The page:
MUSC students kick off Innovation Week

April 27, 2022
Screenshot from Innovation Week event.
MUSC Students Benjamin Ellison and James McGinnis pitch their winning idea, the Endovascular Organizer. at the Innovation Week Student Pitch Session.

Innovation Week 2022 officially kicked off at the Medical University of South Carolina, headlined by Thursday’s Shark Tank event that will see researchers and faculty hoping to swim with the sharks for new funding. However, a select group of students have decided to try to reel in some of their own.

On Monday, April 25, nine students in four groups competed in their own version of MUSC’s Shark Tank, pitching to three faculty members and the winning group taking home a prize of $2,500. The competition, held virtually, was hosted by the Office of Innovation and the Student Innovation Ambassadors Program and is designed to drive and elevate talented student innovators to create solutions to health care-related challenges.

“Innovative ideas in the MUSC community undoubtedly help the school move in the right direction to achieve its goals,” said Alhaji Janneh, president of the Student Innovation Ambassadors and a Ph.D. student in the College of Graduate Studies. “That’s an objective of the MUSC Innovation Ambassador Program.”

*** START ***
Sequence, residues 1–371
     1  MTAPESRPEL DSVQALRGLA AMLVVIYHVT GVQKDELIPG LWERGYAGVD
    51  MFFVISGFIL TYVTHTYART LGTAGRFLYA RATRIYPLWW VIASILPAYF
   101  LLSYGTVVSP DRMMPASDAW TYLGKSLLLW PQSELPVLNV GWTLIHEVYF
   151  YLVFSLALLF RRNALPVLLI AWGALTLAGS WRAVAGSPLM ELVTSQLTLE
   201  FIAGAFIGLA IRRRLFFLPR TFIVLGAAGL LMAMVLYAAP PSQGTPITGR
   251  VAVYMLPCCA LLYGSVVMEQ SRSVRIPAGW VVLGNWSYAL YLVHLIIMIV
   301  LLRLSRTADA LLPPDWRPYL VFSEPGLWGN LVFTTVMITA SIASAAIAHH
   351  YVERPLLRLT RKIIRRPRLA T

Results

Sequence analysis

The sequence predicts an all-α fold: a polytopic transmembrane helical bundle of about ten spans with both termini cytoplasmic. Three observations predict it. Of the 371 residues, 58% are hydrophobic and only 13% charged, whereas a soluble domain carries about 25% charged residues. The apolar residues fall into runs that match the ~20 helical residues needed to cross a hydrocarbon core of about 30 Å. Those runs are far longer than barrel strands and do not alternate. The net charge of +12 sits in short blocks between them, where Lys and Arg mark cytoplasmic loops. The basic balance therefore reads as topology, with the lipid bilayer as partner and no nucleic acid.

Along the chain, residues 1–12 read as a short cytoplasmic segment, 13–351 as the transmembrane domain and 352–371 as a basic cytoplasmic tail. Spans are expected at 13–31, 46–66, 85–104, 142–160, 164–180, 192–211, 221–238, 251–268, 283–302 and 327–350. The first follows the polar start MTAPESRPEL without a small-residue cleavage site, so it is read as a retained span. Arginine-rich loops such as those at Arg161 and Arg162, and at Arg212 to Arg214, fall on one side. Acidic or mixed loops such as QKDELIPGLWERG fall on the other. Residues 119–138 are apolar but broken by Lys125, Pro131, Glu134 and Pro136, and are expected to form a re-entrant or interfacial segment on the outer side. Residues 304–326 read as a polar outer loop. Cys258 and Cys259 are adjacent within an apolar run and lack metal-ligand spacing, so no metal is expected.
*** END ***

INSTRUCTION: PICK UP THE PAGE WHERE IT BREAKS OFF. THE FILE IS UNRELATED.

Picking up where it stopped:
While all of the teams scored closely with each other, the winning pitch happened to come at the end of the program from Benjamin Ellison and James McGinnis, who lured in the judges with their presentation – the Endovascular Organizer. The organizer is a tool designed to achieve safe endovascular care for patients regardless of clinical scenario or experience. 

“The problem that we sought to solve was how might we improve the organization of wires, catheters and sheaths on the back table for endovascular procedures,” said McGinnis. “In any endovascular procedure, there are wires, catheters and sheaths all over the place. These tools need to be kept organized and identifiable for rapid handoffs to the surgical field. Additionally, outside of the body, any blood on them will begin to clot, requiring the devices to be wiped down by hand with the cleaning solution before being passed on to the field.”

The organizer creates a labeling system that makes every device easily identifiable and accessible to the vascular technician. Furthermore, the organizer accommodates the natural workflow of the operating room, particularly the technician and surgeon interactions.

The invention was fostered through MUSC's Human Centered Design Program, which seeks to develop novel solutions for unmet needs in health care. It pairs MUSC students with a faculty mentor and Citadel business students. Benjamin and Riley partnered with Reece Blackwood, a senior at The Citadel, and Adam Tanious, M.D. 

“Our solution helps achieve safe and efficient endovascular care by improving the organization and communication in the OR, reducing the amount of wasted tools and the number of incorrect handoffs,” said Ellison. “We’re currently beta-testing the product and filing for a provisional patent while hoping to start a small-scale trial to demonstrate the effectiveness of the device."

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